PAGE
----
Toughest college test: No cell phone, no Facebook

  • Article by: JENNA ROSS , Star Tribune
  • Updated: March 13, 2010 - 10:16 PM

Professors are asking students to turn off laptops, iPods and the like for 24 hours or more. For some, it's impossible; for others, a revelation.

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markgoffMar. 13, 1010:57 PM

I'm 62 and I couldn't go 24 hours without using my laptop or checking email or Facebook, much less five days. Everyone I know would be looking in the obits for me...

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native99Mar. 13, 1011:46 PM

We recently moved and our internet service provider wasn't going to be the same. So I took that opportunity to take a break from the internet. It was supposed to be a three month experiment in which we'd have all kinds of time to do other things. But it didn't work out that way. We lasted about three weeks. My husband got his facebook fix by going to the library during lunchtime everyday. I went once a week. It was very different to have to use the phone to transfer money in my bank accounts, pay bills by phone/mail, call people for directions. I was so dependent on the internet for so much - for instance, I had to go to the library to get cookbooks instead of looking a recipe up on the computer. :o) When we have internet hooked up we stay up until midnight each doing our own thing on the computers, but when we discontinued service we went to bed by 9:30pm. Which was disappointing to me because part of my experiment was to use that "extra" time at night to do different things like read books, play board games with my husband, meditate, etc. All in all though, it was a cool (sometimes frustrating) experience. I am definitely glad to have internet service again.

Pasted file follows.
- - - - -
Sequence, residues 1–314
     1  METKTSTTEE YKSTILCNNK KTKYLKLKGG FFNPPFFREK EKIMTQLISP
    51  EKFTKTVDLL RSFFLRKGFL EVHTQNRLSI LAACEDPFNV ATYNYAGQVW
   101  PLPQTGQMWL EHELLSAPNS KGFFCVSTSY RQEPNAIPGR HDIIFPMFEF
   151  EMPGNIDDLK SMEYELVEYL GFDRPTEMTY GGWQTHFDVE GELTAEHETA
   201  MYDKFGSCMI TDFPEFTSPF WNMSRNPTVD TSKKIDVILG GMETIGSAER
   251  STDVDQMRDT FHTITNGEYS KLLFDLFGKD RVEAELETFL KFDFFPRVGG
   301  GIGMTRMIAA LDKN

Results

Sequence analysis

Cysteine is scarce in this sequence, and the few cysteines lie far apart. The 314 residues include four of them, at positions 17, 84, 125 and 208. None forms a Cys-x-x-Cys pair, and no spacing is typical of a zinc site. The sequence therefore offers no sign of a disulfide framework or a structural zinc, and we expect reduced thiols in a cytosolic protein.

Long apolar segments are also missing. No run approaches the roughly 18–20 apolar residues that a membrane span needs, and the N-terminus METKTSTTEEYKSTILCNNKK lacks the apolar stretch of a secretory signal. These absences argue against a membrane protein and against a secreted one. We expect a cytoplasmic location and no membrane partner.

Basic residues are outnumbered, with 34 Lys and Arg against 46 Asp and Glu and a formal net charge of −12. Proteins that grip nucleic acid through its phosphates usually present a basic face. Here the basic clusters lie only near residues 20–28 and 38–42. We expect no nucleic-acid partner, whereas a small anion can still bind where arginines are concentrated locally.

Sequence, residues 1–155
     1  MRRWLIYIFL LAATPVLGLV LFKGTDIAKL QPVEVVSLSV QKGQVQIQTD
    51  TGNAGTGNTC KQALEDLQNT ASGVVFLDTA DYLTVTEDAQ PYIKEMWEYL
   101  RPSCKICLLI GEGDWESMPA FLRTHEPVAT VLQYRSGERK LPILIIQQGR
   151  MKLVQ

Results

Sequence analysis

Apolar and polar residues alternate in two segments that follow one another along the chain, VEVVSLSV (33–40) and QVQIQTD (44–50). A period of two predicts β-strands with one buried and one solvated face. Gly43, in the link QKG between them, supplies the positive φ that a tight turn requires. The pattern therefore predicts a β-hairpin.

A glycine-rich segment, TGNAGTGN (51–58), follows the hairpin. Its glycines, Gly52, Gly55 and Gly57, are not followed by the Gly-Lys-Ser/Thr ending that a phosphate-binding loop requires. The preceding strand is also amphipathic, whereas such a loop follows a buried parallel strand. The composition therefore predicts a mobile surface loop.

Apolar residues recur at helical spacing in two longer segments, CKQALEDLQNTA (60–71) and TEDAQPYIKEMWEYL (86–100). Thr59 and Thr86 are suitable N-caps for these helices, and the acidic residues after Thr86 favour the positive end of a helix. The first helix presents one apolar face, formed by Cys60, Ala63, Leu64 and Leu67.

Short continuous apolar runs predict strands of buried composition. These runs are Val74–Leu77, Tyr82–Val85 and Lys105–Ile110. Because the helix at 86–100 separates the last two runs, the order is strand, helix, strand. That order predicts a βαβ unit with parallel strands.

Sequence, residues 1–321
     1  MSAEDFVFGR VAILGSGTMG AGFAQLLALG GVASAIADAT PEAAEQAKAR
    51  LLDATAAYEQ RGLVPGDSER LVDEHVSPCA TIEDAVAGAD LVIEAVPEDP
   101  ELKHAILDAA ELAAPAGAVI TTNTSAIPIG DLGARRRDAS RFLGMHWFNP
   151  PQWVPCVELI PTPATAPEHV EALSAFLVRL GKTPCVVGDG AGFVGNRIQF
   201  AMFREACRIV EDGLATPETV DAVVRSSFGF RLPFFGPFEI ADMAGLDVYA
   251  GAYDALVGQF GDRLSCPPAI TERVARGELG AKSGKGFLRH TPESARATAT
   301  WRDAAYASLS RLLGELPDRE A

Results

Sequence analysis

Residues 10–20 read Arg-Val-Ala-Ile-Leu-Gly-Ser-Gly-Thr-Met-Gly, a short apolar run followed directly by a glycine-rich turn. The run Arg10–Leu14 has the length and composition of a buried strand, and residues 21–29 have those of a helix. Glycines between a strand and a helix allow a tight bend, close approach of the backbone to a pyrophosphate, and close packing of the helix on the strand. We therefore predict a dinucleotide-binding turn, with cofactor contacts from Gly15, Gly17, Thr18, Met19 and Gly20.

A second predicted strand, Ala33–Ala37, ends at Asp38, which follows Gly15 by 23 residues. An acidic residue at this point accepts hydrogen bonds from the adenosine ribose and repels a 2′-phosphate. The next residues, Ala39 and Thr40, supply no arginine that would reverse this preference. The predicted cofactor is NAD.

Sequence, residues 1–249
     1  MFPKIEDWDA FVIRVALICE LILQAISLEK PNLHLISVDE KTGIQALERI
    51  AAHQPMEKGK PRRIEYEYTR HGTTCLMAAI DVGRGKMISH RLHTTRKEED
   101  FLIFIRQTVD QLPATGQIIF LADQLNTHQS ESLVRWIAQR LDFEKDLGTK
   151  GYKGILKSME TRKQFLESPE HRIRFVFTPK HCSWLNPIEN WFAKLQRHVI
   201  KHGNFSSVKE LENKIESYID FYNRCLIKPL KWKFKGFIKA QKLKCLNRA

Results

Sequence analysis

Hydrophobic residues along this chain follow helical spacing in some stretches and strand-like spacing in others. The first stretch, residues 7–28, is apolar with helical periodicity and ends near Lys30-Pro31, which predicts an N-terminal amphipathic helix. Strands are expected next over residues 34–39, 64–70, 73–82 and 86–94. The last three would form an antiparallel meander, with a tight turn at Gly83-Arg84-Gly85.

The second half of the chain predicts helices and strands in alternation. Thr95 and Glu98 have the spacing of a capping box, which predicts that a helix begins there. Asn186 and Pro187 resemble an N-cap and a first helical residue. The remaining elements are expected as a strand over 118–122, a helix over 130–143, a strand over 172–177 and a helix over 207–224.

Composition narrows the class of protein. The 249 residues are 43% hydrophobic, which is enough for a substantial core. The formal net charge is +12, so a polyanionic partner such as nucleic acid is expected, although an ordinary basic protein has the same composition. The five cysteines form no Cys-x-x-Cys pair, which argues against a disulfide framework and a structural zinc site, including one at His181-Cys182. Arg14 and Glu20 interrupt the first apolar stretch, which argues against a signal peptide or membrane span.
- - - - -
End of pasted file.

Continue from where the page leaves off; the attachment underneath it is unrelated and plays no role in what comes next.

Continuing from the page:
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bkind37Mar. 14, 1012:12 AM

about letting people see how it feels to have a day not so linked in to everyone. I would never want to share on facebook, with people who are not REALLY my friends, where I am and what I am doing. And why do people care so much about reading this stuff about each other anyway. I carry a cell phone for emergencies only. If I am out with friends or doing my own thing, taking a phone call is the last thing that I want to do.

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stinkystinkyMar. 14, 1012:51 AM

besides, facebook aint that cool anyway. Friendster, back in the day, was where the action was.----reading this article, on the wireless internet emanating from my neighbor's house, while listening to the radio and watching tv in the background on mute.

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vf702Mar. 14, 1012:53 AM

Can you imagine if we had a real, large scale natural disaster where people had to get back to the basics. How would we survive? Would the new generation even know that there are cookbooks at a library instead of just online? How many kids have been taught how to use a map when GPS and Google maps are so easy. Recently there was a story about how girl scout camps were going under due to lack of attendance. Skills that survived generations have suddenly disappeared. The real story here is how our culture has changed, not for better or for worse, just adapted.

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maxman1812Mar. 14, 10 1:08 AM